- by Ljubinko Zivkovic Rating:10 Release Date:1969-11-28 Label: Impulse!
Spiritual Jazz as it is called has had a number of cycles of popularity, one of the most recent being sometime now. With all the known artists that are connected with the genre, Yousef Lateef, Sun Ra, Albert Ayler, John, and Alice Coltrane, to name just a few, there seems to always be a number of names that come along. This time around it is the likes of Kamasi Washington, Makaya McCraven or Jaimeo Brown.
One of the originators of the genre, luckily still around and still blowing his saxophone was a direct collaborator of the Coltranes and recorded Karma, one of the showcases of spiritual jazz. With its two tracks, it amalgamated all the strains brought by the genre’s originators and ushered in the Seventies, a period when spiritual jazz was at its height and when the largest number of releases followed Sanders’ footsteps in one way or the other.
Of the two tracks, “The Creator Has a Master Plan” is probably the best known spiritual jazz composition after John Coltrane’s “Love Supreme”, and probably one of the most coveted as such. It also seems to be the track that introduced quite a number of rock and funk musicians to the expansive sounds of spiritual jazz, some musicians actually playing with Sanders at some point or other, like Carlos Santana, Leon Thomas, the vocalist on Karma recording with Santana. On the other hand, Lonnie Liston Smith, responsible for a number of spiritual jazz-influenced light funk albums and one of the progenitors of the so-called soft jazz, actually playing on Karma.
“The Creator... is in many ways a tribute to both John and Alice Coltrane and particularly to John’s inimitable “Love Supreme”, which Sanders quotes at the introduction of the 32-minute epic, but it is an artistic quote that sticks to the essence and the soul of the composition it was inspired by, not the exact notes. It is also an expression of all the elements that comprise spiritual jazz as a genre, a fusion of different cultures and spiritual views through music, alternating from firestorms of Sanders’ saxophones and Leon Thomas’ yelping vocals in combination with oriental percussion and flutes to brief respites of more quiet, meditative moments. And as it started, it ends with a Coltrane quote and a tribute to the man Pharaoh Sanders followed and was devoted to, without imitating or at any moment turning into an imitator, but forging his own path.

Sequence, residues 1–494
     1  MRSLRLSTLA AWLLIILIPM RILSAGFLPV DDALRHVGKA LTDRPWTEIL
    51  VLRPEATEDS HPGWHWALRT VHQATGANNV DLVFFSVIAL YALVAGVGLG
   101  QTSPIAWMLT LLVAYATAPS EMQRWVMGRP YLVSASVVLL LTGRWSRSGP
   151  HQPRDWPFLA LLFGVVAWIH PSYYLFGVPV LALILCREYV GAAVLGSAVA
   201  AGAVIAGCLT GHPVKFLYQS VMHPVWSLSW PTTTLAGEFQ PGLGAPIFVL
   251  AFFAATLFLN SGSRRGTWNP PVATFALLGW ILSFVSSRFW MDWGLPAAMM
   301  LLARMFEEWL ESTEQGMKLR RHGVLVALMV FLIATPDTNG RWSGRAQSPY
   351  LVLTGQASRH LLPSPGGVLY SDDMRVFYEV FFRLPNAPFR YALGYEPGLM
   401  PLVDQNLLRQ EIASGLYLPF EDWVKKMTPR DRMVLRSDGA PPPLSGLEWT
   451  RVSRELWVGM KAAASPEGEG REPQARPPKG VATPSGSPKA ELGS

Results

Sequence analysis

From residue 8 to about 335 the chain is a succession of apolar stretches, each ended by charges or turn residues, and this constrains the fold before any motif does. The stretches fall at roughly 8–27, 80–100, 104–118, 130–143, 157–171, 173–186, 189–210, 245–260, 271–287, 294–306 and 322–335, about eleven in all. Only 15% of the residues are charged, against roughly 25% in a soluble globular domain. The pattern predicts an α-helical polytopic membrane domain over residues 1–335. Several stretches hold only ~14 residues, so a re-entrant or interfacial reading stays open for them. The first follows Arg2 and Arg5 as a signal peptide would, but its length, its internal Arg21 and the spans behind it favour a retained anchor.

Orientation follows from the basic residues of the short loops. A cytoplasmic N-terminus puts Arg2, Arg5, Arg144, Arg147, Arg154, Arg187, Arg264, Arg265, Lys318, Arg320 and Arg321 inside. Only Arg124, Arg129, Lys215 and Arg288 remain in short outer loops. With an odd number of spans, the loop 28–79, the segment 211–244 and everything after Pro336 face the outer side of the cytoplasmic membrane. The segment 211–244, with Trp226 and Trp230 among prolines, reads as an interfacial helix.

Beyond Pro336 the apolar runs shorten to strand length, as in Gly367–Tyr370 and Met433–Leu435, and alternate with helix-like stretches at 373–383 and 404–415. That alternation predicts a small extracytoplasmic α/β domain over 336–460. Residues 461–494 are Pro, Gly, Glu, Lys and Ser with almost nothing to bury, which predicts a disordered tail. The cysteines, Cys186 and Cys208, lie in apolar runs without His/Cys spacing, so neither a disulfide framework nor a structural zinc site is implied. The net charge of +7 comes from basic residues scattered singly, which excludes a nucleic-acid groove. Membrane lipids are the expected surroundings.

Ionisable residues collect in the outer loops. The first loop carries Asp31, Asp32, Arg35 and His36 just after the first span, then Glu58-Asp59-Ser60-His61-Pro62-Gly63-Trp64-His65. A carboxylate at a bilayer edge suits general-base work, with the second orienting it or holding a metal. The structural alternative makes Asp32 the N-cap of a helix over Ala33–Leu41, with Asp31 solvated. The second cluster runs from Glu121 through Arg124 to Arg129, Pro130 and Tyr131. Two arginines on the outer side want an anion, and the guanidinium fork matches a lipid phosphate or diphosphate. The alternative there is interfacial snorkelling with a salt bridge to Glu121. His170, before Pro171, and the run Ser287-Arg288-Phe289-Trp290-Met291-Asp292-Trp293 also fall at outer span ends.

“Colors” could also have been named ‘shades of...’, a more meditative piece, where Sanders shows all his playing capabilities, the ferocity it reached at moments throughout his career only matched by few players, like the late Gato Barbieri. Leon Thomas matches the meditative mood with his vocals, while the playing of Smith and the likes of master bassist Reggie Workman is simply exemplary throughout.
For those that are unfamiliar with spiritual jazz or Pharaoh Sanders, or are intrigued by the newer artists like Kamasi Washington, Karma is probably one of the best entry points to a world of limitless musical possibilities.